“Oh, well, fine. Let’s see if there’s another nurse that has a mom that’s further along in her labor. You know, my lady’s only 5 cm dilated so far, it could be hours.”

Thank goodness, I thought. That nurse must have woken up on the wrong side of the bed, or quite possibly off the bed entirely, and I was just thrilled to be pawned off on another nurse who, thankfully, turned out to be the complete opposite of Ms. Negative Nelly. This new patient was a mere 18 years old, but there’s something about a huge baby bump that makes one look automatically older. I had to keep reminding myself of how incredibly young she is. As I walked in, she was just receiving an epidural. She was 4-5 cm dilated, but her contractions were already 2 minutes apart.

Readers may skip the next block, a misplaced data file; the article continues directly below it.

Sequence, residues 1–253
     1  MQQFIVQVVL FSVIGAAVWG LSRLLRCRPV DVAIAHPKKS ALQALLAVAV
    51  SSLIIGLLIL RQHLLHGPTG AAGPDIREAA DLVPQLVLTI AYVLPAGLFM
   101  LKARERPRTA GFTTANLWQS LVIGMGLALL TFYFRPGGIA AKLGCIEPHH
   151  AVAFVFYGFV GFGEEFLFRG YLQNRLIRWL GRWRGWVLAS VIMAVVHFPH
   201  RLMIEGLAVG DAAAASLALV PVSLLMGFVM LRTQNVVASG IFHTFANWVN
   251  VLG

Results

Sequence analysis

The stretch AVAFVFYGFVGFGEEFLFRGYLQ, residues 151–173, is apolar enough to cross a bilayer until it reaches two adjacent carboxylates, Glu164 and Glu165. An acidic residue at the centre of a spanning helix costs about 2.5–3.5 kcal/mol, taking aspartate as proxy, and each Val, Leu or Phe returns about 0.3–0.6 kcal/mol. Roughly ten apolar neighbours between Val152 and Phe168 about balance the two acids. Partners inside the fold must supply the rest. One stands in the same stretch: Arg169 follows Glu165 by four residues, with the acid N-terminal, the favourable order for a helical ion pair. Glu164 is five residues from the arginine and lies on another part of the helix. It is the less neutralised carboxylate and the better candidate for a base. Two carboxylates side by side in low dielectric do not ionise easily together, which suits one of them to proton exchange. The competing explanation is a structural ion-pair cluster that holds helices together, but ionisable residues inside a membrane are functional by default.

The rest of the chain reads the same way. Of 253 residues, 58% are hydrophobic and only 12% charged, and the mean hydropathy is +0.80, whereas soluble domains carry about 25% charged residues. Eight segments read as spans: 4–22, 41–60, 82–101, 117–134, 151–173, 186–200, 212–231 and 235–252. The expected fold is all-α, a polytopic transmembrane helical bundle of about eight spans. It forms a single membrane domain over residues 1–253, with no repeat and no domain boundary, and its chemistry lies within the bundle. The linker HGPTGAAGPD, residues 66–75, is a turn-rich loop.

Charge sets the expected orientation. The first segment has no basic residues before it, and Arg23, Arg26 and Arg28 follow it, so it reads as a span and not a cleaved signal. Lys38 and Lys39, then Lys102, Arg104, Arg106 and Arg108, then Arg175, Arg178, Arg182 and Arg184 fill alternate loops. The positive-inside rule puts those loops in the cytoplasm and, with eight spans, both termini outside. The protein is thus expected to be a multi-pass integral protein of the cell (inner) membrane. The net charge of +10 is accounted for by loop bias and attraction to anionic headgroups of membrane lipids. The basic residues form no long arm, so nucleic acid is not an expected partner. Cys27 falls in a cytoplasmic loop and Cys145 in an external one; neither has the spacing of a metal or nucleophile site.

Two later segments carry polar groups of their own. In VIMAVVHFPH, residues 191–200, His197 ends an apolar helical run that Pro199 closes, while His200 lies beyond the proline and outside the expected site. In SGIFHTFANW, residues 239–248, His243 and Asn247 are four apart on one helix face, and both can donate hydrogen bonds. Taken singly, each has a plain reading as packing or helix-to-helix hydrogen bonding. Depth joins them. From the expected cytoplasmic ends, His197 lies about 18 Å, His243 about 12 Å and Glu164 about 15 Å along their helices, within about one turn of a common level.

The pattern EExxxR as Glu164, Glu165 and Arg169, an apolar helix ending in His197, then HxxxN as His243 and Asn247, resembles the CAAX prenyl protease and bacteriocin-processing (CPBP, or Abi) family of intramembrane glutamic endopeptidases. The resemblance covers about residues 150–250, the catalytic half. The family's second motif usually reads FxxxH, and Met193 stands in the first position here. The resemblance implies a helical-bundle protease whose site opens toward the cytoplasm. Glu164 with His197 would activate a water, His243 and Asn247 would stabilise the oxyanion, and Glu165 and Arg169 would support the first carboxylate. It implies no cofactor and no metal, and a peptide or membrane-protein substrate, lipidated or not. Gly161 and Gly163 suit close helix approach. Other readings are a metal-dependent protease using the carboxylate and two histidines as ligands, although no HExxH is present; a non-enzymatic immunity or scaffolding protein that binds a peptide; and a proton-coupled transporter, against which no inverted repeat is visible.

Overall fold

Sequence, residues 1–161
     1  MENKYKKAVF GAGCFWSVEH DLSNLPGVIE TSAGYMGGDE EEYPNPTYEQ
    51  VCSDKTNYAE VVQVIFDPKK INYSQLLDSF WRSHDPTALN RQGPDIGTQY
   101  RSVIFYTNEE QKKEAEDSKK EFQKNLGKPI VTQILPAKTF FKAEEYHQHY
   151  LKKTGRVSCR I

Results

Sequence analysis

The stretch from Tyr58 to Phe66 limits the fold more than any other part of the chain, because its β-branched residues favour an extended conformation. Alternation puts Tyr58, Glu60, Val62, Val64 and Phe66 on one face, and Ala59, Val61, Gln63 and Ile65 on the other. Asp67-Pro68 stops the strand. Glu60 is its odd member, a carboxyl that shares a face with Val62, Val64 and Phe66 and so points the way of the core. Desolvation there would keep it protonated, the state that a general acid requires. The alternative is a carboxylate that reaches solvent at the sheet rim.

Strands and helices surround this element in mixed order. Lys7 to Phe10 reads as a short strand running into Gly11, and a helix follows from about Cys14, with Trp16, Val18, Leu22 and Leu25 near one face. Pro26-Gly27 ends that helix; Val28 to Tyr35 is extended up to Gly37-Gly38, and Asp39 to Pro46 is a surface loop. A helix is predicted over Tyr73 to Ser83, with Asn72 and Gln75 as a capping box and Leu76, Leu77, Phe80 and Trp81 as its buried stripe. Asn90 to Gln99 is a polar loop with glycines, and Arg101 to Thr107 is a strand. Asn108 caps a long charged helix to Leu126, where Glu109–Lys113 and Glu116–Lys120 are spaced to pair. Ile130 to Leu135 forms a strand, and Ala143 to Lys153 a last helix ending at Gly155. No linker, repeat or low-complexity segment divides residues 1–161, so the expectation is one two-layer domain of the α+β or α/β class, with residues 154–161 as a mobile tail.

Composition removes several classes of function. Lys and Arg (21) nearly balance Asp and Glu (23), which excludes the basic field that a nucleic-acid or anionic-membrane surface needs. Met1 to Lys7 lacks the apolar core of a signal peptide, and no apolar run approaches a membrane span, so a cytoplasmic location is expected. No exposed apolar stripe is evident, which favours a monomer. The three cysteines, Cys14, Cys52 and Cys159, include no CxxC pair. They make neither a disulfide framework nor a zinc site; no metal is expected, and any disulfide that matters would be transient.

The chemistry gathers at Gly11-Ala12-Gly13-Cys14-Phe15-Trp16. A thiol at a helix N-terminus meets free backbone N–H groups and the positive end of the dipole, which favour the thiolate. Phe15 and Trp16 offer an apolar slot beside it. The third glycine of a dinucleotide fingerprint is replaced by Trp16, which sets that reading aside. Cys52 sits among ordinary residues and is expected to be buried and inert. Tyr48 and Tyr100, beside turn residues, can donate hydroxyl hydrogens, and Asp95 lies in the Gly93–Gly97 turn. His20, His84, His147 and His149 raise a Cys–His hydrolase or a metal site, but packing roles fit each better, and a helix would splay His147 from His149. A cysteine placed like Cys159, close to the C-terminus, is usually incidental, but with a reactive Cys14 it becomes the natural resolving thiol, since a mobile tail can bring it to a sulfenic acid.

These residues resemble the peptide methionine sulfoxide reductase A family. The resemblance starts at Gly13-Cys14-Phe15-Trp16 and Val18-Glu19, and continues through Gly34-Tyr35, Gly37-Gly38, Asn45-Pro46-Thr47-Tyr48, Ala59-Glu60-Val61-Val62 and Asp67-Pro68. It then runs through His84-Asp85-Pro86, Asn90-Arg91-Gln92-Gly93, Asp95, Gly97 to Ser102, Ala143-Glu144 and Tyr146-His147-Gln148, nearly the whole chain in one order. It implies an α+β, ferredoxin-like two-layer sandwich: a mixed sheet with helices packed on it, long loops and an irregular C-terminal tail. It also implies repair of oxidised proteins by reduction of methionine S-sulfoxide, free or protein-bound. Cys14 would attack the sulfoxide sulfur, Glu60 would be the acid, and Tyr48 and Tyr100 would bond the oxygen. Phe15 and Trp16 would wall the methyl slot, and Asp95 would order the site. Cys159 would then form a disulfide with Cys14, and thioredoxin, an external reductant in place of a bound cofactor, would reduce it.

From the get-go I was enthralled. My nurse showed me the fetal heart and contractions monitors, and she taught me all about monitoring the baby’s heart rate during the contractions, and comparing it to the feed that was being spit out of the machine, to make sure there weren’t an excessive number of variable deceleration, indicating cord compression, and that the baby wasn’t in danger of becoming hypoxic. The fact that this mother-to-be was already having close contractions at 5 cm meant that she certainly didn’t need any other stimulant like Pitocin, and in fact, they really didn’t want the contractions to get much closer together at all. After we gave time for the pain meds to kick in (and boy did they work – she went from writhing and twisting in bed, to a wan smile saying that she couldn’t feel anything below the umbilicus anymore) we took a short break. My nurse told me that she was going to go get some breakfast because it would surely take awhile for the woman to fully dilate. I counted my lucky twinkling stars that I wouldn’t get all hypoglycemic and pass out on her…(how mortifying, even though I am still just waiting for that day to come). 20 minutes and an apricot-studded scone later, I came back up to Labor & Delivery. Immediately I saw that our young mother was quite the overachiever! When I arrived, she was already 10cm dilated, fully effaced, and ready to push. All in a matter of the 20 short minutes that it took me to scarf a scone! I hurried in behind my nurse and we jumped into action. Or rather, I should say she jumped into action. I mainly watched, and pitched in where I could.